Category Archives: Direct Taxation

Good, Bad and Ugly about DTC bill, 2010

Direct Tax CodeThe much awaited introduction of the Direct Taxes Code Bill in the Lok saba is already over. But there seems to be nothing holistic as it was previously expected. It looks like just another annual Finance Bill with marginal tax effects. The lucidity of the previous draft is now gone. It has the same looks as that of the Income Tax Act, 1961. Almost all exemption available in the erstwhile IT Act is still available. The savings limit only marginally increased from 1 lakh to 1.5 lakhs. No more deferential Treatment for Women Assessee. Basic exemption limit increased from 1.6 lakhs to 2 lakhs. Other than this it is almost the old IT act sections rearranged in a new fashion for the common man. The code bill also carries quite many obsolete provisions. For e.g. the definition of an Accountant still includes reference to Section 226 of the Companies Act which is obsolete now. It seems that the government has once again heeded to popular demands. The Direct Taxes Code a judicious mixture of wonders and blunders of the Indian Tax regime

Issues in Tax Audit under Section 44AB

No government in anywhere in this world has placed so much trust and confidence in Public Accountants like the Indian Government has placed on Chartered Accountants. Tax Audit by a Chartered Accountant is an Indian phenomenon and does not exist in any other country. Finance Act, 1984 introduced Tax Audit under Section 44AB with effect from the assessment year 1985-86. This not only broadened the area of practice by a Chartered Accountant to an unimaginable scale but also pinned so much trust on the Chartered Accountancy Profession. If you say that you are a Chartered Accountant to any stranger, he would say “ Oh ! you are one of those people who are busy in the month of September” Yes friends the association between a CA and tax audit is inseparable.

Purpose of Tax Audit:

The purpose of Tax Audit is to ensure that books of Accounts have been maintained in accordance with the provisions of the Income Tax Act. Circular No.387  issued by the Central Board of Direct Taxes which has been annexed to the material circulated to you also highlights this fact. Accordingly a proper audit for tax purposes would ensure that proper records are being maintained, and that the accounts properly reflect the income reported by the Assessee. This audit effectively curbs Tax Evasion and ensures Tax Compliance. Tax Audit also ensures that the Accounts are properly being presented to the Assessing Officers when called for. The precious time of the Assessing Officers is also saved from the routine and ineffective verifications like checking of totals and vouching of Purchase and Sales transactions. They can devote their time in more important investigation aspects of a Case. Thus Tax Audit saves considerable time to the Income Tax Department.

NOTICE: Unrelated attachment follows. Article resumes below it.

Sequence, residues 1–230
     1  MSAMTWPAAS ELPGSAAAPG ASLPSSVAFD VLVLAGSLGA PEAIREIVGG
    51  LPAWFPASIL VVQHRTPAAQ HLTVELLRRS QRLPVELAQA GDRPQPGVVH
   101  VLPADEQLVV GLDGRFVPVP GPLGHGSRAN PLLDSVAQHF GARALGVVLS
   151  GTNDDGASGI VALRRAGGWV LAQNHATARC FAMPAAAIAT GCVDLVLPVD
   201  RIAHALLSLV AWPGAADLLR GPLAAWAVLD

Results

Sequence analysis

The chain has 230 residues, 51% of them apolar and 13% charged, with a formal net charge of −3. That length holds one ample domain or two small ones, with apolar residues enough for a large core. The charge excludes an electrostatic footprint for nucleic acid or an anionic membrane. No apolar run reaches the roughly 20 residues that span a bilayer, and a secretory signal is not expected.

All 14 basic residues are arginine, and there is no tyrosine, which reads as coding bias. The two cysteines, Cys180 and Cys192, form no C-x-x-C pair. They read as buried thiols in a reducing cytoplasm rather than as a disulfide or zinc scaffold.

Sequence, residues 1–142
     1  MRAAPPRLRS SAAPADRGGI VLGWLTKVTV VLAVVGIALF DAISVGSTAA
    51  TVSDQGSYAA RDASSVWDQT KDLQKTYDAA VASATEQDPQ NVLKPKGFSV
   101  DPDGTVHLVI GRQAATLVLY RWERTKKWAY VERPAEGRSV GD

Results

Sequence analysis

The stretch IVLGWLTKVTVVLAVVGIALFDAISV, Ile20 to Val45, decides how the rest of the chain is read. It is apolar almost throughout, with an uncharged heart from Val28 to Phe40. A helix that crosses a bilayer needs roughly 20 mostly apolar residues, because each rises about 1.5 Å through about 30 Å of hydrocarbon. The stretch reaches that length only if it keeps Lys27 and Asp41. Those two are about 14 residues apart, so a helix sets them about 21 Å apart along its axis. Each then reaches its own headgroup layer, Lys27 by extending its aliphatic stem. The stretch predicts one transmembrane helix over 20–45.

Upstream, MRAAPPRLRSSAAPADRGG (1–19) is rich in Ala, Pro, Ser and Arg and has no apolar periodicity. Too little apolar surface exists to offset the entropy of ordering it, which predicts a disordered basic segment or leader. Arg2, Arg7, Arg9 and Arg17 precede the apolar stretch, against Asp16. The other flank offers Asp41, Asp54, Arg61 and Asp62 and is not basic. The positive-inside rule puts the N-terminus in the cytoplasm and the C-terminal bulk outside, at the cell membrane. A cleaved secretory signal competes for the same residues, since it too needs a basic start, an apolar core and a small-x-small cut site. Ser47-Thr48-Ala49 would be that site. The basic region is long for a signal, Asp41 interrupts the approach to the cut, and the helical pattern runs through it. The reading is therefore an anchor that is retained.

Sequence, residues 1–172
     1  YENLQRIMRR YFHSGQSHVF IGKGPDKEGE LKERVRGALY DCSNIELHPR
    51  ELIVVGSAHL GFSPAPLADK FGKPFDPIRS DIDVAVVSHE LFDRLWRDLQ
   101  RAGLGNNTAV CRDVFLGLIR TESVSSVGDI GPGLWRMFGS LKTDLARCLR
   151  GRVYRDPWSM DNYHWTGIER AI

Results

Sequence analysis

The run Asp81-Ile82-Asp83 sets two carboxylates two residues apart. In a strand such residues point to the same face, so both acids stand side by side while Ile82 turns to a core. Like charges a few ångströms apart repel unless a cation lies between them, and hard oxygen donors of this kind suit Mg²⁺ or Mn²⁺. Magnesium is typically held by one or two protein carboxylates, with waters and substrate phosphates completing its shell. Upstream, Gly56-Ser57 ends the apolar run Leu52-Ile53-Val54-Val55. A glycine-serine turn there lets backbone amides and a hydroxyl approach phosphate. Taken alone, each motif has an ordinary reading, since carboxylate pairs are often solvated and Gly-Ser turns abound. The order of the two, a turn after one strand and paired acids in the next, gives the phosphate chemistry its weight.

Who has to get accounts audited?

Now after knowing the purpose and necessity of Tax Audit, the next question arises as to the applicability of Tax Audit. Audit under section 44AB is applicable to four categories of Assesseess. Now let me explain each category one by one. Continue reading Issues in Tax Audit under Section 44AB

Critical Appraisal of the DTC Bill, 2009

The Direct Taxes Code (DTC) is the most expected Indian Legislation of the decade. For the first time, a bill has been kept open for public commentary even before its introduction in the Parliament. The DTC, as such, is the simplest any tax legislation can become. Has then the DTC, 2009 proved Albert Einstein’s saying (“The hardest thing in the world to understand is the Income Tax”) to be false? Of course not… It has become simple for people who know income tax and not the layman. Let me critically appraise some of the provisions of the Direct Taxes Code, 2009 which may have missed the common eye.

Hefty Increase in Tax Slabs:

The most welcome measure in the DTC Bill is the increase in individual tax slabs. It has increased the slabs to an extent no one expected. When the DTC Bill is enacted, income up to Rupees 10 Lakhs will be taxed only at 10%. Further income between 10 Lakhs and 25 Lakhs will be taxed at 20% and income above 25 Lakhs will be taxed at 30%. Further there will be no more surcharge, Education Cess and Higher and Secondary Education Cess. This will ensure easier tax compliance. All individual will be making whooping tax savings. Let’s compare how the Gross Total income of a General Individual will be taxed under the present regime and under the Direct Taxes Code.

S. No. Particulars As Per the Income Tax Act 1961, (For AY : 2010- 11) As per Direct Taxes Code Bill, 2009
1. Gross Total Income 15,00,000 15,00,000
2. Less : deduction for savings 1,00,000 3,00,000
3. Total Income 14,00,000 12,00,000
4. Income Tax on Above 3,24,000 1,24,000
5. Add: Education Cess on Above 6,480 Nil
6. Add: Higher and Secondary Education Cess 3,240 Nil
7. Total Tax Payable 3,33,720 1,24,000

From the above it is very much evident that the individual will be making a whooping tax savings of Rs. 2,09,720/- under the Direct Taxes Code.

Adieu Assessment Year!

The Direct Taxes Code proposes to do away with the terms Assessment Year and Previous Year. Continue reading Critical Appraisal of the DTC Bill, 2009